But meddle she does, married they get, and consummate it they do. Then comes the big confrontation between Juliet and her parents. Juliet and the rest of us can be forgiven for expecting more help from the Nurse, right? She makes a few feeble protests against the father's rage but instead of saying, “Don't worry, dear, I've managed things so far, I'll get you to Mantua to be reunited with Romeo” she, in fact, says:

Faith, here it is: Romeo
Is banishéd...
...Then, since the case so stands as now it doth,
I think it best you married with the County.
O, he's a lovely gentleman!
Romeo's a dishclout to him...
...I think you happy in this second match,
For it excels your first; or if it did not,
Your first is dead, or 'twere as good he were
As living hence and you no use of him (Act 3.5)

What?! It's hard to say who is crueler to Juliet, Capulet or the Nurse. There's no question, however, that the Nurse's betrayal is far more unexpected and therefor by far the worse. Entertaining? Endearing? I don't think so! The Nurse is, as Prof. Bloom writes in a world-class understatement, “bad news” (p. 89). Juliet is more succinct when she stares after the Nurse in shock, seeing her as a “most wicked fiend” (Act 3.5).

Ahem. I told you so.

There is, of course, a reasonable explanation. The Nurse is not an independent character. She seems to have a lot of leeway in the Capulet home but in fact she is a hired servant. She has already – amazingly – gone against her boss, Capulet, and one could say that she suddenly realizes that she has put herself in danger. Thus her abrupt about face. Advocating bigamy is evidently less dangerous.

Friar Laurence, the other nice adult, is not in that kind of position. He's independent, he's respected, he's knowledgeable. Both Juliet and Romeo trust him and turn to him with their passions and problems, indicating that he's been a positive force in their lives previously.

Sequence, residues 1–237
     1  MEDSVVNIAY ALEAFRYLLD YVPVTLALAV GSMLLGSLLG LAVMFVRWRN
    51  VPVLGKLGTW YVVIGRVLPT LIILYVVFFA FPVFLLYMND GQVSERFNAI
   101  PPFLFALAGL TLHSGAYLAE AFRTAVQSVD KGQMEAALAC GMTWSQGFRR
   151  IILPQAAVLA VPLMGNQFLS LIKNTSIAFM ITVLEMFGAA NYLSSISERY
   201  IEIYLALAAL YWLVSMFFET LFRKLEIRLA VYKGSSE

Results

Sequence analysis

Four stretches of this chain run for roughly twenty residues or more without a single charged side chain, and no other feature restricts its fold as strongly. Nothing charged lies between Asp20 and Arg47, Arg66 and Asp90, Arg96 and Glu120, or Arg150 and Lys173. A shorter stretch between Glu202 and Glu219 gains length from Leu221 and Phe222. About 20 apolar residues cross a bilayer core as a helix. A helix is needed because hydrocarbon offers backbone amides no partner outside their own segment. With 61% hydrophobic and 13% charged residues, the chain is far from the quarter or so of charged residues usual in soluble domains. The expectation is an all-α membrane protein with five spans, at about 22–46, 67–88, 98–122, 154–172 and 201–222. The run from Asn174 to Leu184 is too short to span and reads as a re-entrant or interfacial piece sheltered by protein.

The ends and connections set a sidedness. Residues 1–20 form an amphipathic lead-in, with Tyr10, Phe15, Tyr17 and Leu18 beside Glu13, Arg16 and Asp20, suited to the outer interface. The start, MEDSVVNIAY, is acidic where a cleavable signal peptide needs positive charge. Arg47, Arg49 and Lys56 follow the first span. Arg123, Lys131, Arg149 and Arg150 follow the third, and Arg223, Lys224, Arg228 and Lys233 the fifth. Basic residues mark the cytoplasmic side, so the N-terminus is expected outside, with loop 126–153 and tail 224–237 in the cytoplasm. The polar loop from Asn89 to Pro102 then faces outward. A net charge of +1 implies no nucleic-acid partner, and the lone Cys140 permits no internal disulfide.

And he does have a plausible reason for helping them. By uniting them in holy matrimony in spite of his wise advice of moderation in love, he hopes to end the violent feud between the two clans. The objection could be raised that children should not be exploited that way, but OK, his intentions are good.

So then why in the name of all that is sensible doesn't he simply help Juliet go with Romeo when he leaves? Failing that, why in the world doesn't he smuggle Juliet off to Mantua when the threat of marriage to Paris becomes an imminent reality? Why this ridiculous rigamarole of the knockout potion which anyone can see will backfire? And to top it all off he turns chicken in the tomb because of hearing some noise and abandons the newly bereaved Juliet with her dead husband and a lot of other corpses.

No. I won't have it. There's something here I'm not getting. Nobody's ever accused Shakespeare of being consistent or unfailingly logical but his characterization is usually flawless. Not the people themselves, of course, but the flawlessness of the credibility of their flawed characters.

But for me the Nurse and the Friar don't work. I'm missing something here. This time Shakespeare has me stumped.

November 2011
December 2011

Works cited:

  • The Norton Shakespeare, based on the Oxford Edition. Ed. Greenblatt, Stephen et al. Second edition, 2008.
  • Bloom, Harold. Shakespeare, the Invention of the Human. 1998.
  • Dromgoole, Dominic. Will & Me. 2007.
  • Early, Michael and Philippa Keil, editors. Soliloquy – The Shakespeare Monologues, The Women. 1988.

Films seen:

  • BBC, 1978. Director: Alvin Rakoff. Cast: Rebecca Saire – Juliet; Patrick Ryecart – Romeo; Celia Johnson – the Nurse; Joseph O'Connor – Friar Lawrence; Alan Rickman – Tybalt; Anthony Andrews – Mercutio; Michael Hordern – Capulet; Jacqueline Hill – Lady Capulet. Rebecca Saire is young enough and earnest enough to be convincing as Juliet. Patrick Ryecart is not a likeable Romeo, not worth dying for. It's fun to see the very young Alan Rickman who does a good Tybalt: there are even signs of a budding Snape. Everyone else does an OK job but are far too old for their parts.